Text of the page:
oatmeal brown bread - Mom's

 

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Here’s to eating well, everyday,

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17 thoughts on “Sarah’s Molasses Brown Bread

  1. Veronica says:

    Hi. Can I convert this recipe for brown bread to my breadmaker. Thanks.

    1. Hi Veronica, To convert this recipe for a bead machine you’ll need to cut it in half. There are also some particulars about dry-to-liquid ratios that are covered off in this info from Fleishman’s Yeast: http://www.breadworld.com/Fleischmanns_Converting_Traditional_Recipes_to_Bread_Machine.aspx
      Good luck

  2. Vivian Murphy says:

    I would choose the Molasses Brown Bread. Nothing better,no matter the time of day!

    1. Hi Vivian, I’m with you and am happy that there is still a loaf of this bread on the counter at home. On this stormy day it will be great to have it with a big bowl of soup.

  3. Margaret Delgatty says:

    The bread, hands down! Have you developed a gluten-free version of this recipe yet?

    (And your Roasted Red Pepper Lentil Soup is very high on my list of things to try soon…)

    …md

    1. Hi Margaret, I wish I could figure out a GF version of this one since it’s such a delicious recipe. I suppose you could replace the flour with a GF flour blend. Also, one reader adds an egg to the dough, which might be great for a GF option, to help with texture.

  4. Lloyd Best says:

    Make this all the time I add one egg to the mixture. Everybody loves it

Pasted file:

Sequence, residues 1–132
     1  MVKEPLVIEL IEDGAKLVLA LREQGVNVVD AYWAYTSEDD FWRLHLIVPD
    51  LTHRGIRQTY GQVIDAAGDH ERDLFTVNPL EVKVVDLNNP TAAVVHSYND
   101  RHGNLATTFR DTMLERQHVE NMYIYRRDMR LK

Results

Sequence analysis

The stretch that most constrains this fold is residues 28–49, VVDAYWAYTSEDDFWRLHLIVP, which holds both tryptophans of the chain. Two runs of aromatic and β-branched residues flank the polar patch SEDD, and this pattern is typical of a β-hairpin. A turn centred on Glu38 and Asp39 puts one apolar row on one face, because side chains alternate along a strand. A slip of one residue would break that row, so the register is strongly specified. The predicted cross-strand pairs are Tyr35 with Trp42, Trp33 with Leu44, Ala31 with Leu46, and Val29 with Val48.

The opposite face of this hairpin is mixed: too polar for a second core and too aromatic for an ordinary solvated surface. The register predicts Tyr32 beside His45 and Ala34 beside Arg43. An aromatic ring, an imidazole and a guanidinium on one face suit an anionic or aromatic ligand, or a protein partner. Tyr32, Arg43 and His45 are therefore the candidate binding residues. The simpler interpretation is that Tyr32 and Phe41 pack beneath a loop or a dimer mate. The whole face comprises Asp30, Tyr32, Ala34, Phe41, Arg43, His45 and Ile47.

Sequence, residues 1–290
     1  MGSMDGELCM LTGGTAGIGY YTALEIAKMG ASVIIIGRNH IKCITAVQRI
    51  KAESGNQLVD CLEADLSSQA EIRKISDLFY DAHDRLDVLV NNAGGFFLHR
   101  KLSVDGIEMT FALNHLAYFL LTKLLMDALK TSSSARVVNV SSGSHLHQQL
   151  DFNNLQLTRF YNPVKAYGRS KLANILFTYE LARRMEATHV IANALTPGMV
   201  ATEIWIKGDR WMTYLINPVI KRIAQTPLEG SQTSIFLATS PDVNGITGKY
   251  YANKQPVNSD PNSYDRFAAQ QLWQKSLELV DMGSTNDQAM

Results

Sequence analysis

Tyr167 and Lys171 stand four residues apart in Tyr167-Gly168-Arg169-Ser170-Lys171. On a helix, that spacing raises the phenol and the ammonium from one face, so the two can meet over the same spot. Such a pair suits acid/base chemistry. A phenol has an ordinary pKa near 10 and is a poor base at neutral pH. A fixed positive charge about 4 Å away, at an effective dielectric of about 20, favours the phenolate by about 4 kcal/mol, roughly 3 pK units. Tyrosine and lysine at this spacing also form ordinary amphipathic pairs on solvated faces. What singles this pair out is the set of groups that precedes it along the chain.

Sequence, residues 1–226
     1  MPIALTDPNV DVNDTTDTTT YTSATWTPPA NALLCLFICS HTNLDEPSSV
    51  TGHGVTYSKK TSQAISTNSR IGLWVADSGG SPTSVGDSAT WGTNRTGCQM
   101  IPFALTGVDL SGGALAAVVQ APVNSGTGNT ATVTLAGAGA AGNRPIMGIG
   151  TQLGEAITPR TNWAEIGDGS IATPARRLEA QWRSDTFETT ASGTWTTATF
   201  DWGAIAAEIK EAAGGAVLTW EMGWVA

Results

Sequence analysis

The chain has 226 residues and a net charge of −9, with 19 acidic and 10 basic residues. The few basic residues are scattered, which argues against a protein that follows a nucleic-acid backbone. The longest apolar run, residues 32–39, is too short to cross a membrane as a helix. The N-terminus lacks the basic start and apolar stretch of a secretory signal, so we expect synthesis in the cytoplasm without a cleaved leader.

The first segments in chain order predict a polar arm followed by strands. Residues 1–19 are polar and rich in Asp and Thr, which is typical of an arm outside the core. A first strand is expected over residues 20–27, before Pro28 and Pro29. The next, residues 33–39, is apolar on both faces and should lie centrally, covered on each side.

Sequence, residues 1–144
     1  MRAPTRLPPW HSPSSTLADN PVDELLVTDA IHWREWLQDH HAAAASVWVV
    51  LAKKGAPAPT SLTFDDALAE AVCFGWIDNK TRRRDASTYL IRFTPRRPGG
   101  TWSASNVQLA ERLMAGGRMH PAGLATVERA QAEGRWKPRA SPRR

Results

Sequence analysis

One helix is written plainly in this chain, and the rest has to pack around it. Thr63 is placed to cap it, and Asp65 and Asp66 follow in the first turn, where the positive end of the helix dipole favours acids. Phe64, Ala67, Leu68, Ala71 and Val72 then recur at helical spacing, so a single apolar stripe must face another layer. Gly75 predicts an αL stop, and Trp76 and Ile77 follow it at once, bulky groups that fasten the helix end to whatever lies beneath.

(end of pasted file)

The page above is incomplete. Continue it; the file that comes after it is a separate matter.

1. Hi Lloyd, An egg, what a great idea! I think I’ll give it a try. Thanks for the suggestion.

  5. Mon says:

    I make brown bread with Grandma Molasses molasses, the difference with my recipe is as follows:
    I put rolled oats in my kneading Pan , add boiling water and let it sit until cool to the touch (the mixture is like porridge) then I continue with the remainder of my ingredients. It is delicious. This is my mother’s recipe dating back to the 30’s.

    1. Hi Monica, I like your idea of making a bit of a porridge with the rolled oats. I bet it makes the texture that much softer. The method is similar to my mom’s brown bread recipe.

  6. mona Ivany says:

    I made the molasses brown bread and home made beans today with fried bologna . they were great

    1. Hi Mona, Such a classic Maritime meal!

  7. Missy says:

    Hey Bridget, this is my first attempt at bread and I followed the recipe to a tee… But my dough was extremely sticky, even with the 61/2cups of flour. It’s currently rising, should the dough be that difficult to manage?

    1. Hi Missy,
      I hope that your bread turned out alright. Sometimes bread dough can be pretty soft and it is often affected by the weather. Were you happy with the bread? I think you’ll find that each time you make homemade bread you get a better feel for it. I have been making bread for years and almost always used more flour than the recipe called for. But now I’m better at kneading so use much less and my loaves are lighter.

  8. Janice salmon says:

    Joined this about a year ago. I really wanted a brown bread recipe….I moved from New Brunswick 17 years ago and the west coast people call whole wheat bread brown bread….what a shock when I ordered a sandwwich with brown bread and they offered me whole wheat. The west coast Canadians do not know what they are missing.

    1. Hi Janice, There’s nothing like a true brown bread, is there? Moist, a little chewy…Reminds me that I must pull out this recipe again.